[90742.095883] usb 1-4: New USB device found, idVendor=2672, idProduct=0050, bcdDevice= 4.04
[90742.095896] usb 1-4: New USB device strings: Mfr=1, Product=2, SerialNumber=3
[90742.095903] usb 1-4: Product: HERO8 BLACK
[90742.095907] usb 1-4: Manufacturer: GoPro
[90742.095911] usb 1-4: SerialNumber: <REDACTED>
[90742.101411] cdc_ether 1-4:1.0 usb0: register 'cdc_ether' at usb-0000:00:14.0-4, CDC Ethernet Device, e2:24:93:81:5f:87
[90742.141368] cdc_ether 1-4:1.0 enp0s20f0u4: renamed from usb0
┌─(bjames@t470s)-[~]
└─$ ip a show dev enp0s20f0u4
11: enp0s20f0u4: <BROADCAST,MULTICAST,UP,LOWER_UP> mtu 1500 qdisc fq_codel state UP group default qlen 1000
    link/ether e2:24:93:81:5f:87 brd ff:ff:ff:ff:ff:ff
    inet 172.24.107.55/24 brd 172.24.107.255 scope global dynamic noprefixroute enp0s20f0u4
       valid_lft 863384sec preferred_lft 863384sec
    inet6 fe80::323:669:22c1:a37d/64 scope link noprefixroute
       valid_lft forever preferred_lft forever

The GoPro itself will be on 172.16.x.51 and listening on 5 ports. Four of these ports all seem to implement the exact same RESTful service. I've made no attempt to enumerate the API's endpoints, but its fairly well documented that gp/gpWebcam/START causes the camera to start streaming video and gp/gpWebcam/STOP causes it to stop.

┌─(bjames@t470s)-[~]
└─$ nmap -sT 172.24.107.51
Starting Nmap 7.80 ( https://nmap.org ) at 2021-04-20 22:54 CDT
Nmap scan report for 172.24.107.51
Host is up (0.015s latency).
Not shown: 995 closed ports
PORT     STATE SERVICE
80/tcp   open  http
8000/tcp open  http-alt
8001/tcp open  vcom-tunnel
8080/tcp open  http-proxy
8081/tcp open  blackice-icecap

Nmap done: 1 IP address (1 host up) scanned in 13.20 seconds
┌─(bjames@t470s)-[~]
└─$ curl http://172.24.107.51/gp/gpWebcam/STOP
{
    "status": 1,
    "error": 0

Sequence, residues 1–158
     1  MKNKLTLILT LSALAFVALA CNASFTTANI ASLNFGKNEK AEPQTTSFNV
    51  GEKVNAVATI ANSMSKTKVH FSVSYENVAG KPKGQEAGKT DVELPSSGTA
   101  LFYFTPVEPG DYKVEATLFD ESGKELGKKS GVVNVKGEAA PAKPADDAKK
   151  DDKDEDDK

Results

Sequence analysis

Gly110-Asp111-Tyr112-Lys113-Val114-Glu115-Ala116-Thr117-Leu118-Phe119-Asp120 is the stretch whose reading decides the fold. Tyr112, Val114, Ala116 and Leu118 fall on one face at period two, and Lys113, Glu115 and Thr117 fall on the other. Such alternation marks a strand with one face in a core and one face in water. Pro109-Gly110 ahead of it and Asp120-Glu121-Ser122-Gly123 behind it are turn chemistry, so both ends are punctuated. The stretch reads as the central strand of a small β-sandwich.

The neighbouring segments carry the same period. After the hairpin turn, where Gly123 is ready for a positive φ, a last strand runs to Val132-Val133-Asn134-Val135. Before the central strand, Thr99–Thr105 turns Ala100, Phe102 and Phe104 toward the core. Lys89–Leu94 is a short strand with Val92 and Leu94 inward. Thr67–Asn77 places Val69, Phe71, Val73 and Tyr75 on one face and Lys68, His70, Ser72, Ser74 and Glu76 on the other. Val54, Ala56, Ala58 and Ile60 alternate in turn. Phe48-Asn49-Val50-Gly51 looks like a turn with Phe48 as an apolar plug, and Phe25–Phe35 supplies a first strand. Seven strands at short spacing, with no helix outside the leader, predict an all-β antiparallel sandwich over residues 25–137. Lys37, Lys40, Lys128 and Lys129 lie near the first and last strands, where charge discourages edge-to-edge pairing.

}
┌─(bjames@t470s)-[~]
└─$ curl http://172.24.107.51/gp/gpWebcam/START
{
    "status": 2,
    "error": 0
}
┌─(bjames@t470s)-[~]
└─$ sudo tcpdump -i enp0s20f0u4
dropped privs to tcpdump
tcpdump: verbose output suppressed, use -v[v]... for full protocol decode
listening on enp0s20f0u4, link-type EN10MB (Ethernet), snapshot length 262144 bytes
23:22:04.036631 IP 172.24.107.51.41115 > t470s.rtsp-alt: UDP, length 564
23:22:04.036984 IP 172.24.107.51.41115 > t470s.rtsp-alt: UDP, length 1316
23:22:04.037243 IP 172.24.107.51.41115 > t470s.rtsp-alt: UDP, length 1316
23:22:04.037522 IP 172.24.107.51.41115 > t470s.rtsp-alt: UDP, length 1316
23:22:04.037663 IP 172.24.107.51.41115 > t470s.rtsp-alt: UDP, length 1316

Finally, the stream can be sent to a v4l2loopback device using FFMPEG. This will give you a device called GoPro you can select using your video conferencing software.

# Create the v4l2loopback device
sudo modprobe v4l2loopback exclusive_caps=1 card_label='GoPro' video_nr=42
# No Crop
ffmpeg -nostdin -threads 1 -i 'udp://@0.0.0.0:8554?overrun_nonfatal=1&fifo_size=50000000' -f:v mpegts -fflags nobuffer -vf format=yuv420p -f v4l2 /dev/video42 >/tmp/ffmpeggopro 2>&1 &
# Crop to 720p
ffmpeg -nostdin -threads 1 -i 'udp://@0.0.0.0:8554?overrun_nonfatal=1&fifo_size=50000000' -f:v mpegts -fflags nobuffer -vf 'format=yuv420p,crop=1280:720' -f v4l2 /dev/video42 >/tmp/ffmpeggopro 2>&1 &
# Crop to 480p
ffmpeg -nostdin -threads 1 -i 'udp://@0.0.0.0:8554?overrun_nonfatal=1&fifo_size=50000000' -f:v mpegts -fflags nobuffer -vf 'format=yuv420p,crop=720:480' -f v4l2 /dev/video42 >/tmp/ffmpeggopro 2>&1 &

I am not an expert on ffmpeg or video streams in general. Other then the crop settings, these were lifted from Joshua Schmid's Linux GoPro service. Roughly, we are telling ffmpeg to take the mpegts stream from the GoPro and convert it to a v4l2 stream.


  1. The subnet, source port and interface name used by the GoPro isn't consistent between reboots so any permanent IPtables changes would need to be overly broad.